"Excuse me," said Mr. Isaacs. Leaving his eggs untouched he got up from the table, took the monk by the arm, and led him out of the house. Later I saw them pan-broiling some rice together over the Bunsen burner in the garage. The two oddly-costumed men - Mr. Isaacs in his frock coat, fur hat, and beard, Brahmachari in a red turban and a clean skirt - were talking earnestly to each other.
The doctor's return the following morning did not ease the tension. Later that same afternoon he had briefly reappeared, stationed a nurse in Grandma's room, instructed her to keep the old lady under sedatives and to massage her legs, and had abruptly left. His only word to us was by way of warning - stay out of her room and keep the Hindu, or whatever he was, away from her. The nurse would attend to the rest.
So it was with considerable anxiety that I watched the doctor come down from Grandma's room the following morning. His own anxiety seemed greater than mine. In fact, when my parents took hold of him at the foot of the stairs and demanded to know what the trouble was, he seemed almost incoherent. "It's all in the mind," he mumbled over and over.
"In the mind?" my father asked. "I wish you'd enlighten us on that, doctor."
The doctor, perhaps recalled to his senses by my father's tone, tried to explain. He had taken Grandma off sedatives, he told us, although the old lady was still far from well. Despite hot applications and massage, the swelling in her legs had not gone down. It was almost as if she didn't want it to go down. You get cases like that, he confided. As if the patient refused to get well. It was his suggestion that we call in a psychiatrist. He'd be glad to recommend a good man, a cousin of his who was good in that line. Otherwise, the old lady might be permanently bedridden.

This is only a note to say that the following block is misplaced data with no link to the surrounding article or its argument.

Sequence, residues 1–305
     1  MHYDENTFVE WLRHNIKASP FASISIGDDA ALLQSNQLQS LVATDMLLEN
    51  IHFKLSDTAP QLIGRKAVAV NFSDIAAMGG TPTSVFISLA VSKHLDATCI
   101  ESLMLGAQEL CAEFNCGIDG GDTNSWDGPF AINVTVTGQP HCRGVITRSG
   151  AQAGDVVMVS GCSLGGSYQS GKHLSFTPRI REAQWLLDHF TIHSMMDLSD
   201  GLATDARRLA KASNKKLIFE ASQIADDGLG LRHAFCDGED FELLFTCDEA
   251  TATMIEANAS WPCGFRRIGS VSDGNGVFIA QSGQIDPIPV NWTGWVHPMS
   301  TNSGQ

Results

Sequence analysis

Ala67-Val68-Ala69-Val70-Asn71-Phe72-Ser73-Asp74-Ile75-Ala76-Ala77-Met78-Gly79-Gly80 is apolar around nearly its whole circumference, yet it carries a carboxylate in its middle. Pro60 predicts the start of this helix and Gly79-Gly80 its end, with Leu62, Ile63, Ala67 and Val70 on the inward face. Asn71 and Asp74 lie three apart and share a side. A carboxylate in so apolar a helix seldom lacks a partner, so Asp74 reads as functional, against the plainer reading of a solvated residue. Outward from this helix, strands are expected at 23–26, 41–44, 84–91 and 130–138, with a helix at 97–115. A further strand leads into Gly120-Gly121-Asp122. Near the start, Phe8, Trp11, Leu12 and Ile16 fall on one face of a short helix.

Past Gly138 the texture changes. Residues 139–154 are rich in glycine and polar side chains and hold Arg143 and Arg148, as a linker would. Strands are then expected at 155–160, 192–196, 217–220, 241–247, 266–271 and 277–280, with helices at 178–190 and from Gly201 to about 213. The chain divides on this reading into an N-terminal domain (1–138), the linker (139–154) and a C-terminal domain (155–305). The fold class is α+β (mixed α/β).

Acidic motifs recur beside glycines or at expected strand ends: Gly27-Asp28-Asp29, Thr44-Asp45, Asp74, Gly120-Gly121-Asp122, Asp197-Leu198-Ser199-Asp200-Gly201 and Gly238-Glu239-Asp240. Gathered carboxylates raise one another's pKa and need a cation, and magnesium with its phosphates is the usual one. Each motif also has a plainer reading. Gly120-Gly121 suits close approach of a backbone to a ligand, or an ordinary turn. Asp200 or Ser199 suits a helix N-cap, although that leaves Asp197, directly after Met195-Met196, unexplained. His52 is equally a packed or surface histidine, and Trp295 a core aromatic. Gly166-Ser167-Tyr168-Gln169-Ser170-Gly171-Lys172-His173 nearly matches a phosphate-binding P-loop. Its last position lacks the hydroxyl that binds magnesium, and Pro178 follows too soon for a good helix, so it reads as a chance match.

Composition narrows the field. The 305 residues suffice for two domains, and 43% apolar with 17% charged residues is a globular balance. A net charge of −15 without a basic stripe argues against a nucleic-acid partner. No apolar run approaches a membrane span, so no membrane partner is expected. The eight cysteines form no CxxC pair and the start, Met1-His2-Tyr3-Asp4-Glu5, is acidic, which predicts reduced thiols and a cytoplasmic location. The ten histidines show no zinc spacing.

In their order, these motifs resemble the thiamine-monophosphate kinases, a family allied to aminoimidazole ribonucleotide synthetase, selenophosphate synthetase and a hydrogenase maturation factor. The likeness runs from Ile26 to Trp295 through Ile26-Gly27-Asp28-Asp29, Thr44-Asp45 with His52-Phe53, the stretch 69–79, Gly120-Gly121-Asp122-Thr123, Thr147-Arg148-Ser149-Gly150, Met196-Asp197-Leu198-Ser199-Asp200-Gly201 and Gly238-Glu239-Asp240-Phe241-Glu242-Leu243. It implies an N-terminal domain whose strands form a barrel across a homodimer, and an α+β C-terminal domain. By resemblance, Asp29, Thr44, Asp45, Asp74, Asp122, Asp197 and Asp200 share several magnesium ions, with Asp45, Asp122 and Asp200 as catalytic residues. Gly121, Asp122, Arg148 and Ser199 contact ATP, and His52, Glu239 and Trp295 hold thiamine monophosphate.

It was at this critical juncture, with my mother in tears at the mention of a psychiatrist and my father stern, that Josey made a great outcry at the kitchen door. "No, no," she was shouting, "stay out!"
"Come on, Josey, " I heard one of my brothers tell her. "It's only us and Mr. Isaacs." A moment later my brothers, with Mr.Isaacs in the lead, appeared at the foot of the stairs. "Where've you been?" I asked them. "The doctor wants to bring a psychiatrist."
"Out in the garage," said the youngest one. "That's where Mr. Isaacs spent the night." I looked at them closely. "Anybody else in the garage?" But if they had a secret, they were determined to keep it. "Could be," said my other brother. "You worried?"
Mr. Isaacs ran his hand through his thick black beard. "A psychiatrist? For the reverend dame?"
"For Grandma, " my mother wept. "They think the swelling is in her head." My father, himself verging on tears, tried to console her.
"In her head, is it?" Somewhere in the scholar's beard I detected a smile. "I can well believe it. I always thought her memory was bad. But before you call a psychiatrist, and with the doctor's permission," he said, making the outraged physician a formal bow, "I wonder if I could bring in a colleague?"
My father stared at him. "A colleague? Do you have colleagues? Another Hasid, I suppose."
"You might call him that," the Talmudist said imperturbably. "A certain theologian of my acquaintance." Again followed by my brothers, who winked at me broadly as they passed, he went back to the kitchen door, opened it, and returned a moment later by himself. "I would like to introduce Dr. Mahanan B. Brahmachari, my colleague from the University of Calcutta." This time preceded by my brothers, who with the greatest solemnity were carrying his hand drum, his copper begging bowl, his brass cymbals, and the water jug, Brahmachari appeared in the downstairs foyer. He was gorgeously made up.
On his head was a ceremonial turban of transparent gauze. His body was shrouded in a toga of the same material qand on his forehead and cheekbones he had daubed in yellow paste the markings of his religious order. "Good morning," he said, smiling at us amicably. "I've come to call on your grandmother."